John Lovell, a reporter with the Portland Maine Sunday Telegram, did an article on my struggle to find out what had happened to my son Michael. It was a lengthy article written thirty-seven years ago.
“There are nights when Leola Cochran's dreams of her dead son force her awake, when the mother's love that has turned to compulsion drives sleep way. On these nights she rereads the police investigation statements, listens again to the taped interviews (Discovery information given to me by two men indicted for Mike's murder after their indictments were dismissed) ation about how Mike was murdered) and renews her determination to find her son's killer. 
    “It's right there, all the time," she says in the daylight of the Bangor home she shares with her husband, Derald, and their youngest son, "I feel close to being able to find out what happened. Michael didn't deserve to be burned to death and left under that rubble six days."
    The fire in which Michael Cochran died was arson, and when his body was found a week later, his death was termed a homicide.
    In some ways, Michael Cochran's death was merely another brutal chapter in the story of the violent subculture of drugs and crime in Maine. But it has been made remarkable by the tireless quest of Leola Cochran to probe the

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 mystery of the murder, and bring her son's killer or killers to justice.
    For six years Michael's murder has been the subject of police investigation.  For six years his mother has tracked the police investigation and undertaking her own, finding and interviewing people who who might have pieces of his fatal puzzle.
    There were time when it looked as though there was a break in the case. In 1984, three men were indicted for her son's murder. And there were times when the end was as elusive as ever, as when the indictments were dropped last year after a key witness (only witness) turned out to be unreliable (Lead detective Shuman gave the witness her story.)
    In the beginning there was only the shock of his death.
    "At first I believed Michael just died in a fire. His body had been found inside the door like he couldn't get out."
    A month later, though, Mrs. Cochran says police investigators told her that her son had been murdered (after my sister-in-law told me Mike was murdered I contacted Det, Ralph Pinkham. He told me Percy Sargent sent a phone call to have Mike taken care of and that Lionel Cormier killed Mike), and her long nightmare began.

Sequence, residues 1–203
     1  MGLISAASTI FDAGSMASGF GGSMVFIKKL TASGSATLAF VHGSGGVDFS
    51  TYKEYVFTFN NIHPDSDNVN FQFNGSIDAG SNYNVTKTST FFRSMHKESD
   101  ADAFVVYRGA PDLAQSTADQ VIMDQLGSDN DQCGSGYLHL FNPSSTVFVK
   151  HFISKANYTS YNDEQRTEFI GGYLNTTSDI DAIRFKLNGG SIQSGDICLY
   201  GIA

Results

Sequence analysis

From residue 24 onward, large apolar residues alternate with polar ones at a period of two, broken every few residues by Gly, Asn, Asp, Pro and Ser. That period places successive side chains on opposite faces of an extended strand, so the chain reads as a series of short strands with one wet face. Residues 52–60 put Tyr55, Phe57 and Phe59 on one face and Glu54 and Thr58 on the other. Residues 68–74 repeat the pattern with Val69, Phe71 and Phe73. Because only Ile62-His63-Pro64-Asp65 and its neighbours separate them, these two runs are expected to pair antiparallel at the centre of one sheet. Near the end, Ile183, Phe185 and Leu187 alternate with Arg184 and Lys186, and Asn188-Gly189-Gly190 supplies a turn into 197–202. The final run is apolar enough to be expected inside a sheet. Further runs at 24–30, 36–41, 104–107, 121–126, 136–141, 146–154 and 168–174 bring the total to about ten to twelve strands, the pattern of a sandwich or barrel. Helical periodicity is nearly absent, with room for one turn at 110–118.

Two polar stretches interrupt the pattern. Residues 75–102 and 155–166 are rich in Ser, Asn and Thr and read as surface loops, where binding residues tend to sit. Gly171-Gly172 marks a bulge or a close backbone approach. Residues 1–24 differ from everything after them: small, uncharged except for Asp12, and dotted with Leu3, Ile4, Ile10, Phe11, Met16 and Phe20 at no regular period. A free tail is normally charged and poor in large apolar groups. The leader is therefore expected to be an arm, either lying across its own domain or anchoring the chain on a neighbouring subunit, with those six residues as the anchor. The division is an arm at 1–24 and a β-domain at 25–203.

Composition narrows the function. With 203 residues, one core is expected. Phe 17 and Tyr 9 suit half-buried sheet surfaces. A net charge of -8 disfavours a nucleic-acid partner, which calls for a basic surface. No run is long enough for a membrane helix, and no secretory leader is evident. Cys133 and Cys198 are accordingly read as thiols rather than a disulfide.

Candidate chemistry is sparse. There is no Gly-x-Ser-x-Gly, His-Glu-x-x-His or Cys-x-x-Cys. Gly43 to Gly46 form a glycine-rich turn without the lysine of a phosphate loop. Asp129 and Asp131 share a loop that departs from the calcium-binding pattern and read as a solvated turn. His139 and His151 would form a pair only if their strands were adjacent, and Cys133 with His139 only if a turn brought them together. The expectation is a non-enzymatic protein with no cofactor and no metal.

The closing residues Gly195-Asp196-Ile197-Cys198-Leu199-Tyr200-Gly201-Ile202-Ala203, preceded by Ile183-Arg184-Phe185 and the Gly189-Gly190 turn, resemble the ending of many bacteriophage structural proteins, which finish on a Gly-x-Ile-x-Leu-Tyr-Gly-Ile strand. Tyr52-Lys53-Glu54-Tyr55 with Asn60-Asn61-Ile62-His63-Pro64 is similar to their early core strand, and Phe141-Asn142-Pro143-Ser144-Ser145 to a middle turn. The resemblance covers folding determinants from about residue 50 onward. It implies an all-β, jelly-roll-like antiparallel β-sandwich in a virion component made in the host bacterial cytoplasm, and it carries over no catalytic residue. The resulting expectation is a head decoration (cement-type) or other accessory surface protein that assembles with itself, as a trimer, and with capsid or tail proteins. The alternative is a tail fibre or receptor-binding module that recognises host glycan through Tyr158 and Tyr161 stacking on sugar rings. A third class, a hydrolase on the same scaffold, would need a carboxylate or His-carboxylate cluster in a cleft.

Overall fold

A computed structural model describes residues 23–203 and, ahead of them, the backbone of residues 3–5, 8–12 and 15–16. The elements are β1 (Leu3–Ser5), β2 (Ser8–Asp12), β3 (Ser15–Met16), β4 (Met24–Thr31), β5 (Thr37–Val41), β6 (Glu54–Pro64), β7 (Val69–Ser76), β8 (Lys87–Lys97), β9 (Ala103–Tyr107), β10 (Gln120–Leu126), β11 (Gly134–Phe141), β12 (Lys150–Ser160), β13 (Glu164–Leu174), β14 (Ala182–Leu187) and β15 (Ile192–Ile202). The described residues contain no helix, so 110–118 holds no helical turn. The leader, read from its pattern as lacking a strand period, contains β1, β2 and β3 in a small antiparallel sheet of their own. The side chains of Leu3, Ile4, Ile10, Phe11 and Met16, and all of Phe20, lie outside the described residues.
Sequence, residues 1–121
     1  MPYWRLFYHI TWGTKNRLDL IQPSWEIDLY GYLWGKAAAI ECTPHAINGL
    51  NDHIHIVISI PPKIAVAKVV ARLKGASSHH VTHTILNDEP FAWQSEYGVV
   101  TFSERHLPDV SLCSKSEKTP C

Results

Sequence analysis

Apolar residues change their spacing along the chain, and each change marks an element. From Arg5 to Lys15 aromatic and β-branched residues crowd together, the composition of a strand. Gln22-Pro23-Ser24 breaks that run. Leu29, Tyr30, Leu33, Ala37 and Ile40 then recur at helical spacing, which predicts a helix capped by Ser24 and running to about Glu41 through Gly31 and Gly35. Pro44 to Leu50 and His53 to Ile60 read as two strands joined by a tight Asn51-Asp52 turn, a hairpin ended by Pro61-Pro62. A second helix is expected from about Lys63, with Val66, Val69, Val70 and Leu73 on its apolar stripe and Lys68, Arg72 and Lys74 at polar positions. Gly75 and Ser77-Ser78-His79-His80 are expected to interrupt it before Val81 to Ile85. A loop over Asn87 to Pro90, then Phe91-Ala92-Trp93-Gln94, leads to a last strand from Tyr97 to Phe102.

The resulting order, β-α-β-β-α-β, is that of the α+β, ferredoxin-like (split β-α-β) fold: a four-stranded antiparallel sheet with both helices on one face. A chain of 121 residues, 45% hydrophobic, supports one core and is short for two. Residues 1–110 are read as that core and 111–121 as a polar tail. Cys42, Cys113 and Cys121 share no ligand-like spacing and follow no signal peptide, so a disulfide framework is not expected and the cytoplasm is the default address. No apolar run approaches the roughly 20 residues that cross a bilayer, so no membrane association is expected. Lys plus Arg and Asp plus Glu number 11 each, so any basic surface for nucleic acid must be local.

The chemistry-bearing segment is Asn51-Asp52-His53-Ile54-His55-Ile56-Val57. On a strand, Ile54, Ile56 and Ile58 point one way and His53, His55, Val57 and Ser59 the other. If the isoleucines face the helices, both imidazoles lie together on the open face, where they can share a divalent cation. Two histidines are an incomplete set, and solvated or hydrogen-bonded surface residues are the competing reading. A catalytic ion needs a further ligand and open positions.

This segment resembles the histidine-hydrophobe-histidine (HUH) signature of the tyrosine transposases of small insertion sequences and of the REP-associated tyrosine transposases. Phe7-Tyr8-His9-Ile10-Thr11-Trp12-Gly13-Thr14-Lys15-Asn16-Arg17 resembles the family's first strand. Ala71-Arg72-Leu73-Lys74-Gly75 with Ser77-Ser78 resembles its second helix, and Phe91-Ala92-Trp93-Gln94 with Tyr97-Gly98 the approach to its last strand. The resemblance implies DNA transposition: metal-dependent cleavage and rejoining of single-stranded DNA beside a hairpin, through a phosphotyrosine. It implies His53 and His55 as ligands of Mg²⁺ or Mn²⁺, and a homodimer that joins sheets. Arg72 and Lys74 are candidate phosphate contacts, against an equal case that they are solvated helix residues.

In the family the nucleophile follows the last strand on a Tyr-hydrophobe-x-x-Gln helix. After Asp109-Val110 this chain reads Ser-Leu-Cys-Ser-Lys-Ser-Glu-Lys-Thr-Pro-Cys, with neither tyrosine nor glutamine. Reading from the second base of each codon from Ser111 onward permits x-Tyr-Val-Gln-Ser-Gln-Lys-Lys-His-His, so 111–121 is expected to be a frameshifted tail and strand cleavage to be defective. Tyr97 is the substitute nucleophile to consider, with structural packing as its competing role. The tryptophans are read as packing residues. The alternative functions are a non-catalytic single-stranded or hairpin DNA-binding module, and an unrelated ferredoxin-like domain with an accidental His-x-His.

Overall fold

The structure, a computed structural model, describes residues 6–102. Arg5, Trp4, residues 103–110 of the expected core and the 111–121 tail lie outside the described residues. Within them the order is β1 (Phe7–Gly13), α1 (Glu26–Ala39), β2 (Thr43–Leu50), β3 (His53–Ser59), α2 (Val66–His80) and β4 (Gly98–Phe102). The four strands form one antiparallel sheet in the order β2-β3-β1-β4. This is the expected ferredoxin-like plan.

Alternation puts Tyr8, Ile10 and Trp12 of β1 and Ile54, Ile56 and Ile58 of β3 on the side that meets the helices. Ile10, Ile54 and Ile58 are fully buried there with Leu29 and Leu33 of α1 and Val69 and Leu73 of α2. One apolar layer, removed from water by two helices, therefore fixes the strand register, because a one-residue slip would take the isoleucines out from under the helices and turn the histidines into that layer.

She waited, expecting that arrests would come soon. Almost immediately, she says, police investigators had developed the names of people who had been involved with her son. But three years there were no arrests.
    What the police investigation revealed about the death of Michael Cochran is this:
    Cochran and three other people were in a lakeside cottage in Dedham the night of the fire. The others were his girlfriend, Linda Gray; Percy Sargent, a drug dealer; and Paul Pollard, who has admitted being on the fringes of various criminal activities.
    Percy Sargent left early in the evening. Later that night he was arrested in a drug bust and booked into the Penobscot County Jail in Bangor. While there, police say Sargent made a phone call (This is what Det. Ralph Pinkham told me in March of 1981 and then denied he told it to me).
    A couple of days after the fire, (according to a Feb. 12, 1985 Paul Pollard statement) he and two associated, Lionel Cormier (Pollard's half-brother) and [Percy Sargent] drove back to the rubble. I remember [Percy] or Lionel telling me that Cochran's body was in the camp and that Michael had definitely not got out. 
    Lionel and [Percy] pawed around in the rubble, kicking things around. I don't know for sure, but I think they were looking for the body.
    Pollard says he then hid out for a few days, growing worried. "I knew that someone had committed a murder, and I didn't know who." In his statement he identifies a person rumored to have set the fire in dispute over drugs and theft, adding that "I felt as though I was going to end up taking the rap for them (Lionel Cormier and Percy Sargent) in the murder of Cochran."